Native Plant Highlights

What’s in Bloom | Wild Strawberry

April 24, 2020

Wild Strawberry (Fragaria virginiana)*

Though most well known for its delicious tiny fruit, this plant is a true delight to find any time of year. Its small red fruits are much more flavorful than cultivated strawberries** (and in fact, cultivated strawberries were created by hybridizing this species and another from South America) and its white flowers are attractive to a variety of native bees and pollinators.

You can find it growing most often in old fields, meadows, pastures and open disturbed habitats though it can also be found in dry woodlands and forests.

Though not uncommon, this low growing ground cover can often be overlooked. It is also easily confused with its non-native look-alike, the Indian strawberry (Duchesnea indica or Potentilla indica). Sometimes referred to as the “mock or false strawberry,” D. indica is a common plant that likes to grow in disturbed soils, old fields, pastures, lawns and yes, gardens! It produces a small red fruit that resembles a strawberry but lacks any flavor.

Value to Wildlife | F. virginiana produces a lovely white flower, characteristic of the rose family, that is an excellent resource for pollinators. We observed several different species of bee visiting the flowers while taking photos for this post, including sweat bees (Halictus spp.) and European honeybees (Apis mellifera). We also observed ants visiting the flowers.

F. virginia is a larval host for the gray hairstreak (Strymon melinus), pictured here on wild bergamot (Monarda fistulosa)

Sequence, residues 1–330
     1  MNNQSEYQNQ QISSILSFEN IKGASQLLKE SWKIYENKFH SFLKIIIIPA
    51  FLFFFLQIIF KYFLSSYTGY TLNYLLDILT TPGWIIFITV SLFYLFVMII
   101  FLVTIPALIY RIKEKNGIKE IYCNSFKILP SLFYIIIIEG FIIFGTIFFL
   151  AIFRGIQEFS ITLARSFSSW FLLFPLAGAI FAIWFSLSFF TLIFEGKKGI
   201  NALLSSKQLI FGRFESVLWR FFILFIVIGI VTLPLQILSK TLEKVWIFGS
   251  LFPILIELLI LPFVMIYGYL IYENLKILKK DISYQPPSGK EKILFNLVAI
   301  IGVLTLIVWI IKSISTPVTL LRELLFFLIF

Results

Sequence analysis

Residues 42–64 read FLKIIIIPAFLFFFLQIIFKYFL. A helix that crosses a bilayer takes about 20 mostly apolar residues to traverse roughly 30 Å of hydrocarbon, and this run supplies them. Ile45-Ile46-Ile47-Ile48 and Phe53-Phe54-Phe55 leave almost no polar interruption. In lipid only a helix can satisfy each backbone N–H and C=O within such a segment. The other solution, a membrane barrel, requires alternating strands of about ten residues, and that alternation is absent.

According to research by Doug Tallamy, this plant is host to caterpillars from approximately 73 moth and butterfly species, including the gray hairstreak (Strymon melinus, pictured above). Check out this fun tool, Native Plant Finder, to learn which native plants in your area are great caterpillar hosts. Furthermore, the juicy fruits are a food source for wildlife such as song or gamebirds and box turtles.

Garden Friendly? | Yes! This plant makes an excellent groundcover and can be a popular choice in permaculture systems. Just be sure it is planted in well drained soil.

Identification in the Field | In the videos below, we will show you how to use the key in the Newcomb’s Wildflower Guide to identify the wild strawberry. We also filmed a second video to highlight the differences between the native strawberry and the non-native Indian strawberry.

Video 1: How to use Newcombs Wildflower Guide to ID Wild Strawberry

Video 2: Wild Strawberry vs. Indian Strawberry

*There is another strawberry native to Virginia called the Woodland Strawberry (Fragaria vesca). Though it looks quite similar to F. virginiana, there are several characteristics that distinguish the two strawberries, including notable differences in the fruit structure. Furthermore, you are far less likely to find Woodland Strawberry in Virginia. Though globally secure, it is ranked as S1 or critically imperiled in Virginia and only listed in 8 counties in Virginia in the Digital Atlas of the Virginia Flora.

**We do not recommend the ingestion of any plant without consulting multiple resources and being 100% certain of your identification.

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